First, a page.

How Will China’s “No Ghosts” Rule Affect ‘Crimson Peak’ and ‘Ghostbusters’?

     October 21, 2015

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Today’s box office marketplace is all about the international take, especially from China. It’s why more movies are set in China and have stars that Chinese audiences like. But China also has stringent censorship laws, so where does that leave Hollywood, which wants to give filmmakers freedom to tell whatever stories they want, but still doesn’t want to hurt the bottom line?

This is the conflict facing Universal with Crimson Peak, a film that flopped stateside, but the studio was hoping could pull in international box office, similar to Guillermo del Toro’s previous film, Pacific Rim. However, as THR reports, China has a “no ghost rule” because “China’s official censorship guidelines prohibit films that ‘promote cults or superstition.’” Before you ridicule them, keep in mind that in the U.S. we stop teenagers from seeing movies if people say “Fuck” more than once.


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Image via Universal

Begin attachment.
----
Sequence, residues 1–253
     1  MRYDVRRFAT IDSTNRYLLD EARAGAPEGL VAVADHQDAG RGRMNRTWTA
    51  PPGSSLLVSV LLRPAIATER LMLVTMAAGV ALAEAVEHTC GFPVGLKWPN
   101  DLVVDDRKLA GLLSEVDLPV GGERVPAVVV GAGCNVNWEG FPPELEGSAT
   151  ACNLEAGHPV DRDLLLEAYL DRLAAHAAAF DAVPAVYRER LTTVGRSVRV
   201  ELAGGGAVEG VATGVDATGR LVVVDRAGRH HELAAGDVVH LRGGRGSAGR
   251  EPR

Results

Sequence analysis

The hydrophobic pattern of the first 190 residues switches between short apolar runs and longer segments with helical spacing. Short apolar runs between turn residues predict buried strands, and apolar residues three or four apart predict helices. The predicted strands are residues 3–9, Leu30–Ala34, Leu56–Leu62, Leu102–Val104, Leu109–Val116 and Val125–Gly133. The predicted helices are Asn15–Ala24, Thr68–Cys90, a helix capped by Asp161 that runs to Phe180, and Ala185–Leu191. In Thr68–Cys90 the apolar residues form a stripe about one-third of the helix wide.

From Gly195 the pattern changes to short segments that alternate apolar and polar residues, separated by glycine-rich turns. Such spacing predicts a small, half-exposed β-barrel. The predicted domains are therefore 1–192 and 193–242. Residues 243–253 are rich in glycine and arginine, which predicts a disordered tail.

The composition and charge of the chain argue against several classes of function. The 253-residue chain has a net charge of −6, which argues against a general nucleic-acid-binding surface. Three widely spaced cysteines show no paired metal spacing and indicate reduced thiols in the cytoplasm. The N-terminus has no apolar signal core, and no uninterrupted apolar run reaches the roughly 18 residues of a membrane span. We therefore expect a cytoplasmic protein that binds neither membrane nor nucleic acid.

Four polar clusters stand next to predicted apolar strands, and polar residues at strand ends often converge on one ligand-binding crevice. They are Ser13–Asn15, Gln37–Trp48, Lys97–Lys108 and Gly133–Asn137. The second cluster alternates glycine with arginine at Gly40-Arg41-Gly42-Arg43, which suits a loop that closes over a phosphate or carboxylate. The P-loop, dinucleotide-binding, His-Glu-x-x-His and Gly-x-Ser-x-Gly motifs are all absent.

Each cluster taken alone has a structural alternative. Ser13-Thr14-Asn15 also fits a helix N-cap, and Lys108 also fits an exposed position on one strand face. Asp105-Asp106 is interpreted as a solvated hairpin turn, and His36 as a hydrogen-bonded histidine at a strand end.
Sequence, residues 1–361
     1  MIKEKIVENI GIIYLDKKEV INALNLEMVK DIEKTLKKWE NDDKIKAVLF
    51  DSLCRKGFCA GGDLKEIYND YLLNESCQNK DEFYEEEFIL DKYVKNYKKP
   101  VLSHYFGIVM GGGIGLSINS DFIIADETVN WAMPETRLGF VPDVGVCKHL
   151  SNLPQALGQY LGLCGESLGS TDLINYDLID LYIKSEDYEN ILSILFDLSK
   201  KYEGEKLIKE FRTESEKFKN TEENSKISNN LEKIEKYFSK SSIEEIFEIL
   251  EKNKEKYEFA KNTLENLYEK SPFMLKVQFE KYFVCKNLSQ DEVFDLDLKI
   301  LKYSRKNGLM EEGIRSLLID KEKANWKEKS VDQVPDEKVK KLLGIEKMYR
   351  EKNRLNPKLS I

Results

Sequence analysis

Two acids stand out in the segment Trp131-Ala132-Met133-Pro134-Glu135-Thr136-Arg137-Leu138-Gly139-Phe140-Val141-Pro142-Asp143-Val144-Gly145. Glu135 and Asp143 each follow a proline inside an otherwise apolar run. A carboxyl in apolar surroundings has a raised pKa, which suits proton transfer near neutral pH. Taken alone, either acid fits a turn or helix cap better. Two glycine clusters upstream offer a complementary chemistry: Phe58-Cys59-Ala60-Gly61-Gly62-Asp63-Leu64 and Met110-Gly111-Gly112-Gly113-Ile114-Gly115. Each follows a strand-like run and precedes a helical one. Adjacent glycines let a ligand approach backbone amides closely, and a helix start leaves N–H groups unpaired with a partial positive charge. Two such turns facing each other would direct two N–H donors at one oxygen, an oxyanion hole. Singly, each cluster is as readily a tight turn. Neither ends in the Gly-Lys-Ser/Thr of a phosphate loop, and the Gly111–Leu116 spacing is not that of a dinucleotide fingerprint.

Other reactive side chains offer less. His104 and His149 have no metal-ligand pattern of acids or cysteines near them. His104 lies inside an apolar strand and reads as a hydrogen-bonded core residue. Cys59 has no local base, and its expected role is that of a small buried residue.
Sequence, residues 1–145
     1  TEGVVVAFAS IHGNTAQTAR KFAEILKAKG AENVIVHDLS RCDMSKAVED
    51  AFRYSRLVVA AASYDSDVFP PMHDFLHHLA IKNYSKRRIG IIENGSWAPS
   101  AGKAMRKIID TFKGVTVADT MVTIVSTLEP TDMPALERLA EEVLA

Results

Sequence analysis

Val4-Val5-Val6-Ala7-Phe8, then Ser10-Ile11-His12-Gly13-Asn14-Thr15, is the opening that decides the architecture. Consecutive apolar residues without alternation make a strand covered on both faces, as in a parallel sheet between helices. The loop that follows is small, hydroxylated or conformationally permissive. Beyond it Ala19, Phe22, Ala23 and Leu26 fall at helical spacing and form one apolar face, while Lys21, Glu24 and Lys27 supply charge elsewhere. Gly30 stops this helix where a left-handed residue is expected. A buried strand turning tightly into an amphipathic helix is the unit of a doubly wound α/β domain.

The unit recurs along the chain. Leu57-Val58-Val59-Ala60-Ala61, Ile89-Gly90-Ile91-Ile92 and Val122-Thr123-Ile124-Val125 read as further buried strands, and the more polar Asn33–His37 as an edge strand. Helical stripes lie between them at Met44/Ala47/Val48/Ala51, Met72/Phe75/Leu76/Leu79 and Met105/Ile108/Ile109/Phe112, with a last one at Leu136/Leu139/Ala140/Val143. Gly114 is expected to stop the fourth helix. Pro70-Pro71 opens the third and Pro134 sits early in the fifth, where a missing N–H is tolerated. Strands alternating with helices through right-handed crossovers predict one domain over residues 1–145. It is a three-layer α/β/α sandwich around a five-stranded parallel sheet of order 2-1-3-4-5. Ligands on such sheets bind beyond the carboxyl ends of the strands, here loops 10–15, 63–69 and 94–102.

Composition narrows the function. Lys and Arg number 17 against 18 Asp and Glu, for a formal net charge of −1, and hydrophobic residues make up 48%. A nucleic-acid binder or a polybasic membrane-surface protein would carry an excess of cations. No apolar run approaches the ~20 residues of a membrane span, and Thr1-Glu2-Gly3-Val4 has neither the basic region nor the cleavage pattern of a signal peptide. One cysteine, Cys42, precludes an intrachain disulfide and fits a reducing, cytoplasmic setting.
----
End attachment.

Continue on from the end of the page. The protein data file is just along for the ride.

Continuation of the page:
Silly rules can create serious problems, and filmmakers have had to provide some cuts to outright narrative changes like the Chinese-made film The House That Never Dies, which (spoiler alert) “reveals that all of the foregoing ghostly encounters have simply been hallucinations, because the heroine was secretly dosed with LSD.”

Crimson Peak, a movie where the opening line of the film is “Ghosts are real,” would have to go even further. Heroine Edith Cushing (Mia Wasikowska) may say “It’s not a ghost story, it’s a story with ghosts in it,” but the ghosts are there, and that’s a problem for Chinese censors and ultimately Universal.

Sony could run up against the same problem next year with their Ghostbusters reboot for obvious reasons.   I’m not sure what kind of cuts will be made or if China will refuse to show Ghostbusters and Crimson Peak like they did with Pirates of the Caribbean: Dead Man’s Chest. Either way, it’s a reminder that China is a powerful player in the stories we’re seeing. That’s not to say that Hollywood will stop making movies about ghosts, but it’s far more appealing to them to make movies about things that will cater to the country rather than figure out how to get past a censorship board.


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Image via Sony Pictures

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